Why it’s time for marketers to ditch the concept of the mobile consumer
The pandemic has seen a dramatic shift in our relationship with our mobiles. During stay at home orders and endless social distancing requirements, our mobile phones became our lifeline to the outside world. Richard O’Sullivan thinks that it is time to ditch the divide between consumers and mobile consumers.
We now spend one-third of our waking hours on mobile. They’re how we socialise, shop and entertain ourselves. Mobile use has become so widespread since the pandemic that the distinction between ‘shopping’ and ‘online shopping’ has become blurred. During lockdown, where in-store browsing is banned and only essential goods are allowed to be purchased in-store, online shopping has become the norm.
Certainly, Australia Post has been struggling to cope with the volume of orders, resulting in a temporary pause on collections. This is a continuation of a trend outlined in Australia Post’s eCommerce Industry Report 2021. The results revealed online shopping growth in 2020 topped 57 percent year-on-year. It took just over eight months of online shopping in 2020 to eclipse the full 12 months of 2019.
Even as several Australian states cautiously make their way out of lockdown, the ease and simplicity of online shopping means it is set to continue beyond the holiday season. According to research published in InMobi’s 2021 Retail Holiday Shopping Playbook, 77 percent of Australians intend to use online means to meet their learning, exploring and buying needs this holiday season. Shoppers have shifted their budgets to meet this change, with 31 percent of respondents planning to increase their online shopping budgets this festive season.
Ditch the siloed approach
It’s against this backdrop that one thing has become startlingly clear: it’s time to ditch the artificial distinction that is often made between the ‘consumer’ and the ‘mobile consumer’. Our smartphones, already ubiquitous pre-pandemic, are used so commonly and so frequently that there’s no longer a distinction between us and our phones.
In fact, nine out of ten Australians own a smartphone, with 94 percent taking their devices with them whenever they leave the house according to research from Deloitte.
By specifying between ‘a consumer’ and ‘a mobile consumer’, marketers risk falling into dated thinking that doesn’t relate in any way to how people live their lives. By looking at consumers through such a divided lens, a huge number of opportunities are being lost.
Even though the ubiquity of smartphones might feel like something of an obvious statement, the truth is, many brands continue to act like the ‘consumer’ and ‘mobile consumer’ are two different things.
Far too many marketing strategies are built with mobile as an afterthought, and any consideration of the mobile user experience is introduced way too late in the game. Long loading times, poor user experience, and a lack of mobile-first features are all issues that marketers continue to battle. Or even worse, simply ignore it.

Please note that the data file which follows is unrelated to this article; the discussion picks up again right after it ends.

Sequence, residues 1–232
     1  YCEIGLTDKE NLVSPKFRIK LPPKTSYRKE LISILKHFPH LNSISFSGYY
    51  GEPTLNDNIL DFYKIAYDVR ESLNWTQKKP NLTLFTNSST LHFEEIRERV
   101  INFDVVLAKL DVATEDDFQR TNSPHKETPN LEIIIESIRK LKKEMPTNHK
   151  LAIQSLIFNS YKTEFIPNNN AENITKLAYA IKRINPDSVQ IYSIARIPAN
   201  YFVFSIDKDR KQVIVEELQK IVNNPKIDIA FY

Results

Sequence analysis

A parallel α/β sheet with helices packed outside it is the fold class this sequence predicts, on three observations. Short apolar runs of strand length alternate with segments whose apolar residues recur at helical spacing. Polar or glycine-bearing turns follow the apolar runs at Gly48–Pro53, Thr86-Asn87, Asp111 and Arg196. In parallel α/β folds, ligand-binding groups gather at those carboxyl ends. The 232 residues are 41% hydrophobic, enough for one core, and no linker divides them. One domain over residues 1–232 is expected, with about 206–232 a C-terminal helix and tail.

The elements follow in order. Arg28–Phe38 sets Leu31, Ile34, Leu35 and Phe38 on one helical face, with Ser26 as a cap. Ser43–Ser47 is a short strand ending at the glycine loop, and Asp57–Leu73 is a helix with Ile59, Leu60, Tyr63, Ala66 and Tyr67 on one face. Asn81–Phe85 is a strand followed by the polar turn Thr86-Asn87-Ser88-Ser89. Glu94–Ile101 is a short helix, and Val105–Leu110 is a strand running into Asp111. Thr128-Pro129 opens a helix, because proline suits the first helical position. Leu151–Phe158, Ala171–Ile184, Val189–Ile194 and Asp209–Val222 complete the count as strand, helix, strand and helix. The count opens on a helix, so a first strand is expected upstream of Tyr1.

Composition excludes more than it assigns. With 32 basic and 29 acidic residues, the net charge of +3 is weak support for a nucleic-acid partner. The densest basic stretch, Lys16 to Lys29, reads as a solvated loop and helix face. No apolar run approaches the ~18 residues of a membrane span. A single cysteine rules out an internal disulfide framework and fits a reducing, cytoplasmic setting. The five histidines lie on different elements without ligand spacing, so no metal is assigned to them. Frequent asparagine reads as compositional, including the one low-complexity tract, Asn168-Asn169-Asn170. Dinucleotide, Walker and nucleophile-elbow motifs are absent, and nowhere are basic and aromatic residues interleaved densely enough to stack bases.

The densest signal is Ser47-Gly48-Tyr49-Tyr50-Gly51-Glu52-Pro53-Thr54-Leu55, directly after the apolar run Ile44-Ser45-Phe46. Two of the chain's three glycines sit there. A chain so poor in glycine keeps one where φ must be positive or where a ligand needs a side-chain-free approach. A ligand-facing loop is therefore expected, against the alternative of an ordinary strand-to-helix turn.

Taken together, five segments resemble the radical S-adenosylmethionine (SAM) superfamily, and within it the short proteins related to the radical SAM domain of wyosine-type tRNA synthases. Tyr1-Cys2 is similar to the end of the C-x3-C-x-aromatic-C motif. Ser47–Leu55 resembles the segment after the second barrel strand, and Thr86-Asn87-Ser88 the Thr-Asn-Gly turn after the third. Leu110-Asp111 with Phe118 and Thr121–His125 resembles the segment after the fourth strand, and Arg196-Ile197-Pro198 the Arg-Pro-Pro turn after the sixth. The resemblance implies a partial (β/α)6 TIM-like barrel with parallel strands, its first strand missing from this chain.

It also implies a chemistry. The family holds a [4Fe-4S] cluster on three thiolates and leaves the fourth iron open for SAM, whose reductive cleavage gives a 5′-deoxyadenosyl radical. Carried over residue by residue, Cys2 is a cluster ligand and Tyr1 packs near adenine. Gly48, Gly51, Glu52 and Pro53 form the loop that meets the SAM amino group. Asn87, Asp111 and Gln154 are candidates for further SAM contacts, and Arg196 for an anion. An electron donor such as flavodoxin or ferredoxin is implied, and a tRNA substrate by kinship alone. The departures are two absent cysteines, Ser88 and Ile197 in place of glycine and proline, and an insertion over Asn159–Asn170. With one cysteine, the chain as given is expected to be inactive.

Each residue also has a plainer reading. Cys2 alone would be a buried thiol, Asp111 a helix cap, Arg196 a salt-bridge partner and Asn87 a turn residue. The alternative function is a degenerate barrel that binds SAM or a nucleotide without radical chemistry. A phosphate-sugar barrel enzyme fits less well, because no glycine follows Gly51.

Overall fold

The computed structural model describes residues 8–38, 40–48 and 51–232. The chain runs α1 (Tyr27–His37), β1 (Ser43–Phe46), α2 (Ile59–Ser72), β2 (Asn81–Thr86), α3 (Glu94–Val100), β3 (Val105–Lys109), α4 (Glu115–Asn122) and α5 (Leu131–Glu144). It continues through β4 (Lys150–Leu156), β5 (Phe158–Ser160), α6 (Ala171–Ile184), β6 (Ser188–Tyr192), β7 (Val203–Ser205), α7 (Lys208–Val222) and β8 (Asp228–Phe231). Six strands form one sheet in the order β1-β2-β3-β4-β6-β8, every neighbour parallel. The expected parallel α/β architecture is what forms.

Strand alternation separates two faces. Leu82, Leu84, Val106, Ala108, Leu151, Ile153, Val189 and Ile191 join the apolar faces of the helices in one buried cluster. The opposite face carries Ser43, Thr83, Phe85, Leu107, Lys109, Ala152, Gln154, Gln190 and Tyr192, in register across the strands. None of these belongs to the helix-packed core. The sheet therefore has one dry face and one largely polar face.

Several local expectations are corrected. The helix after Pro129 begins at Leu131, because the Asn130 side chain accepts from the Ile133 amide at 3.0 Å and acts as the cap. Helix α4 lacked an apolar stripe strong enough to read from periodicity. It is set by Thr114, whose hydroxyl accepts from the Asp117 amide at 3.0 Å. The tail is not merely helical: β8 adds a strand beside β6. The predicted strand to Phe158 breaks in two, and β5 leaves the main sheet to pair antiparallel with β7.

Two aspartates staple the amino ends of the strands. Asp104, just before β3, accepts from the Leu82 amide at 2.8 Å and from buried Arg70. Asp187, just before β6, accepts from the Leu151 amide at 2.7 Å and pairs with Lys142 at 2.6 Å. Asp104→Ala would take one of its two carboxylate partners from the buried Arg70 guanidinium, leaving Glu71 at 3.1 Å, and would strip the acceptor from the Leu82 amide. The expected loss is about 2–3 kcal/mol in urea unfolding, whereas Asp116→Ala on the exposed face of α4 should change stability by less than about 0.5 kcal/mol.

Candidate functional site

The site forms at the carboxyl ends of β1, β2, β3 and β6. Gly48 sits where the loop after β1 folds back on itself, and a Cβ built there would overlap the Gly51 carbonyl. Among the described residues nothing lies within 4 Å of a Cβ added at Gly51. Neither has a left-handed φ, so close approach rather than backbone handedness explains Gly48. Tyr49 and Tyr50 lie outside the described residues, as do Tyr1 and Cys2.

Embrace the holistic approach
It’s vital that marketers use a holistic approach when building their mobile strategies. This should be informed by a strong understanding of how consumers are already using their mobiles. Then they should be taking steps to integrate with these habits in mind.
One-click payments, deals for loyal customers, and seamless mobile payment integrations are all ways to make the mobile buying experience as straightforward as possible for your customer. Inmobi’s Retail Holiday Shopping Playbook research found that convenience (74 percent), free shipping (55 percent) and ease of payments and the range of products (51 percent) were the top three reasons cited by consumers for shopping on their mobile.
Alongside a great mobile browser experience, mobile apps are a great way to develop a direct connection to your most loyal customers. Apps can contain a wide variety of features, from deals to discounts and information. App owners are more loyal than non-app owners, so it pays for marketers to encourage people to regularly use their mobile apps.
Among other considerations, marketers must offer consumers multiple ways to buy via mobile. While some may prefer to buy through the app, others may prefer to buy through popular e-commerce platforms and marketplaces. Some people may want items shipped directly to them, while others will want to make a purchase in-store including ‘buy online, pickup in-store’ and curbside pickup.
The shift towards a mobile and online-first way of shopping is showing no signs of slowing, even as Australia gradually makes its transition out of strict lockdown. In order to adapt, marketers must design their customer experiences without any distinction between the ‘consumer’ and ‘mobile consumer’, because in today’s world, they are one and the same.
Richard O’Sullivan is the vice president and general manager, Inmobi, ANZ.